As with many psychostimulants, excessive giggling or smiling is common. Hallucinations are much less intense than LSD with the ‘rush’ that users feel off MDMA and grinding of teeth is often reported in less experienced users. There have been cases where 2C-B has been reported to be more intense than LSD with extremely high doses.

The visuals ‘waver’ or come and go in a carousel-like pattern meaning that when the effect is strong then dies down, users may feel that the trip is over, only for it to come back stronger. The duration as a whole, though is only about 2–5 hours depending on dosage.

Some users report aphrodisiac effects at lower doses (5–10mg). Laboratory results have shown this dosage to produce effects similar to low dosage of amphetamines.

2-CB may be consumed in combination with MDMA; usually taken when effects of the latter wear off. In contrast to most amphetamines, 2-CB does not seem to deplete brain serotonin concentrations. Sensitivity to its effects varies widely between subjects


 

Anxiolytics / Sedatives 

  • Barbiturates
  • methaqualones
  • meprobamate
  • Benzodiazepines
  • Rohypnol
  • GBH/GHB
  • Benzoctamine
  • Ketamine (K),dextromethorphan (DXM), phencyclidine (PCP), and nitrous oxide (N2O)
  • HU-210, WIN 55212-2, JWH-133


Sedatives are a class of drugs that are central nervous system depressants. These CNDs include barbiturates, benzodiazepines, methaqualone, as well as meprobamate. All of these medications when used at usual dosage depress the central nervous system and cause a mild analgesic effect. All drugs in this class can become both psychologically and physically addictive. They also demonstrate a cross-tolerance and potentiation of one another as well as with alcohol which is also a central nervous system depressant.

 

Barbiturates

Include drugs such as Seconal, Tuinal, Nembutal and Phenobarbital. They are used medically for anesthetic, and anti-convulsant effects, as well as for sleep aids and anti-anxiety effects. They are sedative hypnotics that can be administered as recreational drugs orally or by injection and produce an intoxication similar to that of alcohol.

 

Non-barbiturate sedative hypnotics

Include drugs such as qualude, chloryl hydrate, methaqualone. These drugs are infrequently used medically and are dangerous because they cause a significant reduction in heart rate, respiration, and muscular coordination. They vary in activity:

Methaqualone: anxiolytic, muscle-relaxant, sedative, anticonvulsant, antihistaminic.
Cloroqualone: sedative, antitussive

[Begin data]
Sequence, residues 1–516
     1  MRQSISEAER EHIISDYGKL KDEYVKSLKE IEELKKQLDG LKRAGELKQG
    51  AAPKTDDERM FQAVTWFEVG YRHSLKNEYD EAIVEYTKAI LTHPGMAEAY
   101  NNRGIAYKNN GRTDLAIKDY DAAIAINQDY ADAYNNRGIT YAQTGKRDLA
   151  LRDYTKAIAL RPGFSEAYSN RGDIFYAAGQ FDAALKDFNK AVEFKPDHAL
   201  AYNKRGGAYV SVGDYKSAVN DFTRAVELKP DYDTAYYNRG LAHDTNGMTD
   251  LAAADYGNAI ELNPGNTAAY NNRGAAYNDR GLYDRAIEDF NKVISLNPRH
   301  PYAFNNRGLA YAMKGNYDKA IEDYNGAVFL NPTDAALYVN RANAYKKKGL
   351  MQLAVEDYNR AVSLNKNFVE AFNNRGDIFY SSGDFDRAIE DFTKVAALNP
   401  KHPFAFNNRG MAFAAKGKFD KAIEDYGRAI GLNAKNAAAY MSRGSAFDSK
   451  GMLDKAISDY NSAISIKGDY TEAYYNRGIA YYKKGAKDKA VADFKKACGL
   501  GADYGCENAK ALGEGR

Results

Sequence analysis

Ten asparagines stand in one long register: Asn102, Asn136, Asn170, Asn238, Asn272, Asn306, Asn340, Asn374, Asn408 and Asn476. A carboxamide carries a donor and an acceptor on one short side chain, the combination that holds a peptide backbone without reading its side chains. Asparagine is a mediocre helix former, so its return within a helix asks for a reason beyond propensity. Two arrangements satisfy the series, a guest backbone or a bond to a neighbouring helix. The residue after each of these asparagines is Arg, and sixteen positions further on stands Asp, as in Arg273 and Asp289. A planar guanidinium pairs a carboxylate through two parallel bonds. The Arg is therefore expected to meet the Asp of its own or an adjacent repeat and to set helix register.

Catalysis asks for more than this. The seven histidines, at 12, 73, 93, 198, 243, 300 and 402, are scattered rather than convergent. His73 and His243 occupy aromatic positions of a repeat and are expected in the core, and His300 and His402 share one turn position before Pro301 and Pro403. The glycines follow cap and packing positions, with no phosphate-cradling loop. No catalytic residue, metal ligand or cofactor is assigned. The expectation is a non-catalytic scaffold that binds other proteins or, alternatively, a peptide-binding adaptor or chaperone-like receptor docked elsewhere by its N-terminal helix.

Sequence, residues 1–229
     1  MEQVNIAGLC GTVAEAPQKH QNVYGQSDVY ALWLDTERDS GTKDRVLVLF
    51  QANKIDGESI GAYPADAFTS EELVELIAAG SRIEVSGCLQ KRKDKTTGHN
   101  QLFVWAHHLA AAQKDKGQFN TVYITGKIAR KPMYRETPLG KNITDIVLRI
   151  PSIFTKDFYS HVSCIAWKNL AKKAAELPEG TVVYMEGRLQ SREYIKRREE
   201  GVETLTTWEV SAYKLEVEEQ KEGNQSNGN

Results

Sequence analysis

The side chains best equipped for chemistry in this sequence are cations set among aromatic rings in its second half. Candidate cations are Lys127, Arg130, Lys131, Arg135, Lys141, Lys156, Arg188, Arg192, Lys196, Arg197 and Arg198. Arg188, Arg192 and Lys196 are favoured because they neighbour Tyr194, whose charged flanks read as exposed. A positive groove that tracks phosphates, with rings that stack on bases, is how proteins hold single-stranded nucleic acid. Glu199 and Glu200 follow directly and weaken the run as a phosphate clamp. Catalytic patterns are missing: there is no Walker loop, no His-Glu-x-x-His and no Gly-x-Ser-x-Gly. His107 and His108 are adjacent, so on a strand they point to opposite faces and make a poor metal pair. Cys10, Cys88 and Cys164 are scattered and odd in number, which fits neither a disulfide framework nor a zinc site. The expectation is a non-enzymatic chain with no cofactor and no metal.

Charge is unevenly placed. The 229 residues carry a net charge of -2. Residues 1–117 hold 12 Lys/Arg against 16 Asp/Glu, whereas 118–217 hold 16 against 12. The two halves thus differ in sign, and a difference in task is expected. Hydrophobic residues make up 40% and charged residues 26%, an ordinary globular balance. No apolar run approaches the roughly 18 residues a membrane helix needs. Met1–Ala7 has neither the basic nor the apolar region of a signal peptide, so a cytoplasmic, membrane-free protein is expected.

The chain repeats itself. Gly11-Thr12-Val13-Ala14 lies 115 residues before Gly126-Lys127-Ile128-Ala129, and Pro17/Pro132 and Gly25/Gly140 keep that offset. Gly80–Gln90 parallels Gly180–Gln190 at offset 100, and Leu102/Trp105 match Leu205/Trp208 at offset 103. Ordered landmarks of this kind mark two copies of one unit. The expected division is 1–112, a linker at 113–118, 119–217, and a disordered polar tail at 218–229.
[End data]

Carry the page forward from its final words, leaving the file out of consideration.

Diproqualone: analgesic, sedative, anxiolytic, muscle-relaxant, antihistaminic
Mecloqualone: hypnotic


Benzodiazepines

Are also central nervous system depressants. These are the most widely prescribed group of drugs in the treatment of anxiety and insomnia, and include medications such as Valium, Atavan, Librium, Zanax, Lorazapam, etc. They are considered to be less dangerous than barbiturates because they are less lethal and tend to be shorter acting in nature. The peak effect tends to occur within two to four hours. They are physically addicting and upon withdrawal there may be prolonged experiences of problems with sleep, high anxiety, panic attacks and frightening dreams. They tend to be used for an anti-anxiety medication and therefore create a sense of relaxation or detachment in the user. These drugs do not produce a "high" that is often sought after by recreational drug users. They are most frequently abused by people who are addicted to other drugs, such as heroin, as a drug to minimize or reduce symptoms of withdrawal from the main drug.

Benzodiazapines, when mixed with any other central nervous system depressant, including alcohol, can be toxic.


Rohypnol (Flunitrazepam)

Induces a sedative-hypnotic effect including muscle relaxation and amnesia, and giving euphoric and relaxing effects. The effects last for about eight hours.

Street names for Rohypnol include rophies, ropies, ruffies, roofies, roche, R-2, mexican valium, rib, and rope.

Users report mixing it with beer to enhance the feeling of drunkenness, and it has been reported to be used in combination with marijuana and cocaine, as well as heroin.

It is also used to ease the come down from a cocaine or crack binge.

A part of the Valium family, it is 10 times more potent. When mixed with alcohol or other central nervous system depressants, Rohypnol can be fatal. It is addictive and withdrawal symptoms can include seizures. It rose to prominence abused as a date rape drug because it was originally colourless, odourless and tasteless and causes sedation and/or euphoria in approximately 20 to 30 minutes. It now contains a blue dye that will appear when it is added to any drink, and it is slower to dissolve.